From: John Dlugosz (JDlugosz@tradestation.com)
Date: Tue Jun 15 2010 - 10:25:27 CDT
> Amazingly, I consider Latin Small Letter Phi to be a part of the Latin
> script. Why?: in my typographic life, I would design it differently
> from Greek small Letter Phi. The Greek phi needs to work with other
> Greek letters. The Latin phi needs to work in phonetic notation, which
> is Latin letters; it needs to have more contrast with Latin Small
> Letter Q than the Greek phi, so it has an ascender. As a Classicist, a
> Greek phi with an ascender interrupts the flow of text, unless in a
> slant font, so it is designed quite differently from Latin Small Letter
> Phi. It's just like Cyrillic Dze and Sha, which have been borrowed from
> Latin and Coptic, are designed and act like Cyrillic letters.
I appreciate the difference in appearance when using a phi with English text. But, why isn't that a font difference (only)? We use some regular letters for IPA spellings, and don't need special codes for those.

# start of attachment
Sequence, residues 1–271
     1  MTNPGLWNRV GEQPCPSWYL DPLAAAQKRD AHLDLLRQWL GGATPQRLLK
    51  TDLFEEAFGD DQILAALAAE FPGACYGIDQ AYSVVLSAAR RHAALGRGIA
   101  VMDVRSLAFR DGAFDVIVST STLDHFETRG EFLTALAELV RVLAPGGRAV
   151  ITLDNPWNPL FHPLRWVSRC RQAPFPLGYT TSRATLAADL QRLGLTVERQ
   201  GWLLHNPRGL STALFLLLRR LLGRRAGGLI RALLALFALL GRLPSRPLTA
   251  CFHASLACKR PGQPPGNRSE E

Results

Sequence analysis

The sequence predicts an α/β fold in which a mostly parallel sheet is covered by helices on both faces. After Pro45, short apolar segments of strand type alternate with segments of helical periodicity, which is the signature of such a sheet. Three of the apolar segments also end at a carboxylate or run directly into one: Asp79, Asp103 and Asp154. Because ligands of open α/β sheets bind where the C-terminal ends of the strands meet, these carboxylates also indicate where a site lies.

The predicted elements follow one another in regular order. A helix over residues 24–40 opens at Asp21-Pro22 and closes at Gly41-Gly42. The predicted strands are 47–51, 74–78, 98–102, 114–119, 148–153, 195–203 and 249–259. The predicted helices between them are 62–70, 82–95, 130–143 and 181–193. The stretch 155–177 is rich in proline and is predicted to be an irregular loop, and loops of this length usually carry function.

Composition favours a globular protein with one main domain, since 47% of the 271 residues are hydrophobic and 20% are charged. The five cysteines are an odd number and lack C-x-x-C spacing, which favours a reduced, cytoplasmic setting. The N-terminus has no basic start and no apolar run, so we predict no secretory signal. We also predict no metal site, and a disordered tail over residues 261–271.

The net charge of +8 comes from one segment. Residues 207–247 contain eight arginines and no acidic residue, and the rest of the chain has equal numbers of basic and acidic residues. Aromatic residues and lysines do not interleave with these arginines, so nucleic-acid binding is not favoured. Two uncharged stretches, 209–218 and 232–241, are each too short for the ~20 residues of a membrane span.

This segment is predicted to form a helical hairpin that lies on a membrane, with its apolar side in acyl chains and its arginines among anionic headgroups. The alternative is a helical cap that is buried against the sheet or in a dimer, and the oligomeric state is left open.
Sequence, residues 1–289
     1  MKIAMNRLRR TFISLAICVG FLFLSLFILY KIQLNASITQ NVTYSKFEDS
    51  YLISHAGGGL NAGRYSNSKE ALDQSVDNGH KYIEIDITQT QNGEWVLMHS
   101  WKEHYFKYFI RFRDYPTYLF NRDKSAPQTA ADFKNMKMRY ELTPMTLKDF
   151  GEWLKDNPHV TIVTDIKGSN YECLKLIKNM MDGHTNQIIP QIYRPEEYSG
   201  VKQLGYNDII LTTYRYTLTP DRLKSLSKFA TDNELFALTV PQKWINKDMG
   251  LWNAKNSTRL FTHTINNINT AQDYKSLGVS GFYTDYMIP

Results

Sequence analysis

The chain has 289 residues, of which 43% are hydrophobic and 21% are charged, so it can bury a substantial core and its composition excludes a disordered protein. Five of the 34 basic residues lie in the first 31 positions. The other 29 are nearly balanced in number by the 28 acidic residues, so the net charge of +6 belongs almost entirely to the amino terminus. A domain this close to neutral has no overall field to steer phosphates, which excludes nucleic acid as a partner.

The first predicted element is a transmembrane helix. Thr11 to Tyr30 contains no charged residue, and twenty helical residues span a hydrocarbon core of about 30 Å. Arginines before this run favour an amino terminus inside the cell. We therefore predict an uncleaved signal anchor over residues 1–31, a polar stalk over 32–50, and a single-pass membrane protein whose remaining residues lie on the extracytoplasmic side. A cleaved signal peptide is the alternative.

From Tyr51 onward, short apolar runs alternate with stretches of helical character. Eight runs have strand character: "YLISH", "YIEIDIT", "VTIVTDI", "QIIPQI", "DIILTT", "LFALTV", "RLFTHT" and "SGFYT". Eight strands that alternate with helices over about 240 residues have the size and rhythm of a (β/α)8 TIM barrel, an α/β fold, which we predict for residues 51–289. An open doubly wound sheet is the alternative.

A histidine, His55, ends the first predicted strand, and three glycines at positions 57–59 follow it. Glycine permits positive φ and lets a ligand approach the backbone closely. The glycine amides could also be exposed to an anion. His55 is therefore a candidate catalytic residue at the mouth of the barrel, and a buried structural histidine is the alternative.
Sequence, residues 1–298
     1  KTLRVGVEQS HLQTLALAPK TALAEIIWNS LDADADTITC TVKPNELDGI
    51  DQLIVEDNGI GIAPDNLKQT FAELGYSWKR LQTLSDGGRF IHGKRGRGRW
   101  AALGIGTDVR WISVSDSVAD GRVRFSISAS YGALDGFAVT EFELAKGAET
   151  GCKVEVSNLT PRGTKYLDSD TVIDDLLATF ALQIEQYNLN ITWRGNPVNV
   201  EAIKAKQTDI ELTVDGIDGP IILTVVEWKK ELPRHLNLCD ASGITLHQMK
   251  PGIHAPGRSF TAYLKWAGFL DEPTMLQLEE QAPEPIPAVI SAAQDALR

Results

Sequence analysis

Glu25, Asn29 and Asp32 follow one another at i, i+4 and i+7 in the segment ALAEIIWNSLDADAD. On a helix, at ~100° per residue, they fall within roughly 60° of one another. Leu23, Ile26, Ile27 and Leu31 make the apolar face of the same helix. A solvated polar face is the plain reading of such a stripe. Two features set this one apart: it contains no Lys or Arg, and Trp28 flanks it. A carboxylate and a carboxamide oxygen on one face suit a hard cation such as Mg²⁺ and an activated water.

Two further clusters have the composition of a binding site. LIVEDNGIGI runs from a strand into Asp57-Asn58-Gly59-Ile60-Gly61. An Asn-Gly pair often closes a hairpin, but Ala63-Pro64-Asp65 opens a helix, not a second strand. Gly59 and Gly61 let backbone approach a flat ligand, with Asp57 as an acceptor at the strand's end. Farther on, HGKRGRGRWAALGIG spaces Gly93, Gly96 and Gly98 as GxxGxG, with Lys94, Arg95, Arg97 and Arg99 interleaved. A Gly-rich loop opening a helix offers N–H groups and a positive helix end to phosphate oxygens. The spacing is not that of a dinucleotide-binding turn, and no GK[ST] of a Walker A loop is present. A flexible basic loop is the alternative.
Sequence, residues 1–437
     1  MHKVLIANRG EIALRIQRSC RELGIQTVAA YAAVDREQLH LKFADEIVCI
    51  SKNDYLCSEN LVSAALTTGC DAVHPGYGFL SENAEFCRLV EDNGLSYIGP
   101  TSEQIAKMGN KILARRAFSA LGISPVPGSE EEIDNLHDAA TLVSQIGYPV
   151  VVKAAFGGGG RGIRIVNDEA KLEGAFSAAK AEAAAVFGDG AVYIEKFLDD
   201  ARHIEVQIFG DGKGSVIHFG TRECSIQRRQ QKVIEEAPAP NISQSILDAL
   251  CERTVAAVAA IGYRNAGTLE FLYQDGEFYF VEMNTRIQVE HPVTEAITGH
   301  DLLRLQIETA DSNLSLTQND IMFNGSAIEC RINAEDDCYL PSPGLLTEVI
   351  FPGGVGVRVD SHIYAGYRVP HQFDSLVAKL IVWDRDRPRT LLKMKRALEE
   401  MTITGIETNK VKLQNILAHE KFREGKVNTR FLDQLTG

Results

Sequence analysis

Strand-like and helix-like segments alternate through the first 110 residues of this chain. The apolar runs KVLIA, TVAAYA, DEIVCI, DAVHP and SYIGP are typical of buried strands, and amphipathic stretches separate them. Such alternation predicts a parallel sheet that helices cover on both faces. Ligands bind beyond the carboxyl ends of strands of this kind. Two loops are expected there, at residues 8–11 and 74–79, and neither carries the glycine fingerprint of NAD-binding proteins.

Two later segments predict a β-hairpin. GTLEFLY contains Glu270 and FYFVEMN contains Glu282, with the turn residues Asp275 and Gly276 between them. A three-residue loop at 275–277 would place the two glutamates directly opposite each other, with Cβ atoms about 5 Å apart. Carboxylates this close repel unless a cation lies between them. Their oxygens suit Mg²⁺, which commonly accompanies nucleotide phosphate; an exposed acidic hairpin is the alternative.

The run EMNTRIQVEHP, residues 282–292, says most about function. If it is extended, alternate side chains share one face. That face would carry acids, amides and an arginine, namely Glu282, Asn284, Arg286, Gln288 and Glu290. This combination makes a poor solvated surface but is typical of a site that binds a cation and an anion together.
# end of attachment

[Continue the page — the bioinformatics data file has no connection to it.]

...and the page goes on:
Having more than one phi makes it hard on computer programming languages. If I define a symbol (variable or constant) named ɸ and some user types 'φ' or 'ϕ' instead, it won't match.
> The question really only makes sense if it has
> context: for what purpose are you defining something as Latin script?
I agree. That's why we have Latin-1, Latin-2, etc. When not limited to 256 code points, you can say "Character set suitable for encoding the following languages..." and look at the historical national code pages for them as well as modern stuff that didn't fit in 256 or were not applicable to fixed-pitch fonts, such as typographic characters.
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